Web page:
With the PlayStation 5 and Xbox Series X arriving by holiday 2020, we’re reaching the end of the current console generation. Thankfully, the great releases haven’t slowed down. We’re taking a closer look at the year’s best games across three tiers: The big winners of the 2019 Game Awards, the highest-rated games of 2019 according to Metacritic and our ten favourite games of the year.
2019 Game Awards Winners
Each year since 2014, The Game Awards has recognised creative and technical excellence across both gaming and esports with the award winners selected by a jury and fans across a dozen or so categories. In 2019, 45.2 million viewers live-streamed the global awards ceremony and incase you missed it, you can find a selection of the winners listed below.
Game of the Year – Sekiro: Shadows Die Twice
Runners Up – Control, Death Stranding, Resident Evil 2, Super Smash Bros. Ultimate, The Outer Worlds
Best Action Game – Devil May Cry V
Runners Up – Apex Legends, Astral Chain, Call of Duty: Modern Warfare, Gears 5, Metro Exodus
Best Sports/Racing Game – Crash Team Racing Nitro-Fueled
Runners Up – Dirt Rally 2.0, eFootball Pro Evolution Soccer 2020, F1 2019, FIFA 20
Best Game Direction – Death Stranding
Runners Up – Control, Resident Evil 2, Sekiro: Shadows Die Twice
Best Multiplayer Game – Apex Legends
Runners Up – Borderlands 3, Call of Duty: Modern Warfare, Tetris 99, Tom Clancy’s The Division 2
Esports Game of the Year – League of Legends
Runners Up – DOTA 2, Counter Strike: Global Offensive, Fortnite, Overwatch
Best Fighting Game – Super Smash Bros. Ultimate
Runners Up – Mortal Kombat 11, Dead or Alive 6, Samurai Showdown
Best Mobile Game – Call of Duty: Mobile
Runners Up – Grindstone, Sayonara Wild Hearts, Sky: Children of the Light, What the Golf?
Best Independent Game – Disco Elysium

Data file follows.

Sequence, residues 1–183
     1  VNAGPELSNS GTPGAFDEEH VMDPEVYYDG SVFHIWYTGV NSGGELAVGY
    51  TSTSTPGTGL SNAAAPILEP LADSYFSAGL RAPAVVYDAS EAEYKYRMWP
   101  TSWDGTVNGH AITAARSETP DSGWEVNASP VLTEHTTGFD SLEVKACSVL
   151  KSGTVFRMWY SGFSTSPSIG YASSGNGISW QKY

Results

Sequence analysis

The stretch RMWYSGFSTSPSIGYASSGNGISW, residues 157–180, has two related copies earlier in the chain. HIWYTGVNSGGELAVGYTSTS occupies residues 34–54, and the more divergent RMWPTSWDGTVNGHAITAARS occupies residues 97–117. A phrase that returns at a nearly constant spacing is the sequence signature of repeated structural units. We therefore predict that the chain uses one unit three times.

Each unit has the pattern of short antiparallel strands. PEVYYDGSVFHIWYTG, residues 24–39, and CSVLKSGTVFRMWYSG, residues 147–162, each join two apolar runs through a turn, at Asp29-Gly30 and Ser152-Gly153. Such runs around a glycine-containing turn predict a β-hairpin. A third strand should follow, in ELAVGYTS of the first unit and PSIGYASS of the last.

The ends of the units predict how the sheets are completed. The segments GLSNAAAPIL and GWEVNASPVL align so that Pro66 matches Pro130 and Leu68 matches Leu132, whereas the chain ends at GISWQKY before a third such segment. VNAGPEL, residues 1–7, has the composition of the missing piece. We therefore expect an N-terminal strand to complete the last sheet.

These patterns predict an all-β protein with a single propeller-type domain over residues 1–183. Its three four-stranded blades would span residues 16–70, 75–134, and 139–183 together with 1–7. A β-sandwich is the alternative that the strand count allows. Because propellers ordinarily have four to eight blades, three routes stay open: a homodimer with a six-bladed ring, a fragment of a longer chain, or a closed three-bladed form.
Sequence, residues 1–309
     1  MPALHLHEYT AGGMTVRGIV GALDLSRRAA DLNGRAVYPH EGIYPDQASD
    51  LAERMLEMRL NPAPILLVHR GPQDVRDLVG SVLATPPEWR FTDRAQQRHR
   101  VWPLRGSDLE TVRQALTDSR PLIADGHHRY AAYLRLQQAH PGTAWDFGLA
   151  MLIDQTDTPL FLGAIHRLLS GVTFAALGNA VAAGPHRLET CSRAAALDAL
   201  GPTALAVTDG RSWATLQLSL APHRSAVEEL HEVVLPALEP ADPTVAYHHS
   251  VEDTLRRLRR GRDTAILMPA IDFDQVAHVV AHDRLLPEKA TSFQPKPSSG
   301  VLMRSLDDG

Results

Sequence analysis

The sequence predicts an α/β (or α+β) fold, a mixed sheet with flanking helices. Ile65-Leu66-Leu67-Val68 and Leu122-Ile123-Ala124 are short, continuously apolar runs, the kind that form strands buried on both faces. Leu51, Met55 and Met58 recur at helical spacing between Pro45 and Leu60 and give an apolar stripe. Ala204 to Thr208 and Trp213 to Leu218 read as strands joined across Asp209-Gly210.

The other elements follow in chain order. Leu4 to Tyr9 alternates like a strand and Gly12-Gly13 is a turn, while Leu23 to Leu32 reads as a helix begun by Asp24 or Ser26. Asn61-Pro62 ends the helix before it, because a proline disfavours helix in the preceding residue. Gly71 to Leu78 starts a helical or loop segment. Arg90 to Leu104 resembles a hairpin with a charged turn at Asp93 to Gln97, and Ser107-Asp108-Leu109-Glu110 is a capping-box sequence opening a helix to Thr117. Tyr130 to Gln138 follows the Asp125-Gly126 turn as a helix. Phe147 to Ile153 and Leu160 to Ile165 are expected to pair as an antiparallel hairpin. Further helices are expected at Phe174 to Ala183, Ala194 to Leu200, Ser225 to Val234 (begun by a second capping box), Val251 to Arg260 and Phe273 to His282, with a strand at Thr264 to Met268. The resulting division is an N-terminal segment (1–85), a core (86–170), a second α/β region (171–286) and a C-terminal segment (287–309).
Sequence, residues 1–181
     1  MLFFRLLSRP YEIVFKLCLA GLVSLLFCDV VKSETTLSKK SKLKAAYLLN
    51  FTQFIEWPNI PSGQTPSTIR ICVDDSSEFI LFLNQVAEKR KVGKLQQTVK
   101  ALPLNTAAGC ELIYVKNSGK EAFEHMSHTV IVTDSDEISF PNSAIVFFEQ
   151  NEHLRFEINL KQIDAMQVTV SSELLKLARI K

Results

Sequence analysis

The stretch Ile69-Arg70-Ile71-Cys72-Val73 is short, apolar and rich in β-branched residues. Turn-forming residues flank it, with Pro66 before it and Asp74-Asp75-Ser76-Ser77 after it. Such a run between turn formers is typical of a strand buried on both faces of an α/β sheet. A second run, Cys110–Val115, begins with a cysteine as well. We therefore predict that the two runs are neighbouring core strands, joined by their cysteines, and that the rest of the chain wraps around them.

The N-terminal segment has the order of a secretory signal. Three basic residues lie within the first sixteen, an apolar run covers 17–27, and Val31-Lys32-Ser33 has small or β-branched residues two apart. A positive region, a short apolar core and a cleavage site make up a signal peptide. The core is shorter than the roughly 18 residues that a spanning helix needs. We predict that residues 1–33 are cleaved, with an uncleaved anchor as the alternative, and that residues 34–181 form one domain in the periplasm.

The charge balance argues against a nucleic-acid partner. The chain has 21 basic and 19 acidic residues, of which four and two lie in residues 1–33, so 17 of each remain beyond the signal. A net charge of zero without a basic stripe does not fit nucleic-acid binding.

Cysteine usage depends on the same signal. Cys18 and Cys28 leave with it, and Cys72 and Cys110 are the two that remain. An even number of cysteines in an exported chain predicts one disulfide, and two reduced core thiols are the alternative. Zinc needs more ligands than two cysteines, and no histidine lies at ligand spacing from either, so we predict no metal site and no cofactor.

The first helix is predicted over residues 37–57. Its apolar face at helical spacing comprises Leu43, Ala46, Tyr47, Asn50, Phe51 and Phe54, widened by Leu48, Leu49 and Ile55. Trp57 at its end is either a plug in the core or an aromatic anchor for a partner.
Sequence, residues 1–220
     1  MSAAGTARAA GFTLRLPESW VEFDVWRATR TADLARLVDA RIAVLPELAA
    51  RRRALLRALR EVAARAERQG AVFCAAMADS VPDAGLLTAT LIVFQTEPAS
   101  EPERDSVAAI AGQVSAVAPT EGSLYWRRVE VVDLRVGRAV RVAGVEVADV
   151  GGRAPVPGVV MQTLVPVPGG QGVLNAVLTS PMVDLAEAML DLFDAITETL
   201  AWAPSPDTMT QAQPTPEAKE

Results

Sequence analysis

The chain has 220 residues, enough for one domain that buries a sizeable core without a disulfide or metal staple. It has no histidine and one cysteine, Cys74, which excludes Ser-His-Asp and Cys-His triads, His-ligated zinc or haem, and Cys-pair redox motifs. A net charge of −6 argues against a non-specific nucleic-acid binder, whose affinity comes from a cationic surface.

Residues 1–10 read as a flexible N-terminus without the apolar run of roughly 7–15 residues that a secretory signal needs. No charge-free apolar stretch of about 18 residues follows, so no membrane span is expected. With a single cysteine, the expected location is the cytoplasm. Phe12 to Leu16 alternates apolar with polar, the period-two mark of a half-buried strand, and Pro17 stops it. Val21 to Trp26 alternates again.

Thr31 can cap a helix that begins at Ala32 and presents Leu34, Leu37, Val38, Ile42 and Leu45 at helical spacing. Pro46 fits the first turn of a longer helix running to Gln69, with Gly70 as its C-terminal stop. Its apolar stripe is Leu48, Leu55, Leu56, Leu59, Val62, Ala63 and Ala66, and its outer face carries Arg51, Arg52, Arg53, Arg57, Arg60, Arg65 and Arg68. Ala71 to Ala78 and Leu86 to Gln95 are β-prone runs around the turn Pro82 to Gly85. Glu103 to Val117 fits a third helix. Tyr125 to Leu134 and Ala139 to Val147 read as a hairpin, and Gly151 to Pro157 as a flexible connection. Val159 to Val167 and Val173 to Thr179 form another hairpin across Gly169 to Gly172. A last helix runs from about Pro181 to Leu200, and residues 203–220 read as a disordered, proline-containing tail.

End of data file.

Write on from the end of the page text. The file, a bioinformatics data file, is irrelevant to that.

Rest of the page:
Runners Up – Katana Zero, Untitled Goose Game, Baba is You, Outer Wilds.
Best VR Game – Beat Sabre
Runners Up – Asgard’s Wrath, Blood and Truth, No Man’s Sky, Trover Saves the Universe
Metacritic’s Highest Rated Games Released in 2019
Metacritic takes media and user reviews for games, movies, TV and music, compiles them and gives an average rating out of 100. It has been a great way to get a feel for media going on two decades now. Below, you can find the highest rated games released in 2019 according to the popular website.
- Disco Elysium – 91%
- Resident evil 2 – 91%
- Sekiro: Shadows Die Twice – 90%
- Grindstone – 90%
- Apex Legends – 89%
- F1 2019 – 89%
- Fire Emblem: Three Houses – 89%
- Devil May Cry V – 89%
- Unity of Command II – 89%
- Asgard’s Wrath – 88%
Man of Many’s Favourite Games of 2019
Without a Red Dead Redemption II, God of War, or Breath of the Wild, it was difficult to pick one standout game of 2019. So instead, we picked our ten favourites. Most of which we will still be playing well into 2020. Or, at least, until Cyberpunk 2077 and The Last of Us Part II finally make their way to store shelves. In no particular order, here are our favourite games of 2019:
Resident Evil 2
Twenty-one years after its original release, Resident Evil 2 returned to scare a new generation of gamers and set new standards in just what a remake can be. The game was so well received that Capcom has already announced the release date for the remake of Resident Evil 3. It’s coming April 3, 2020.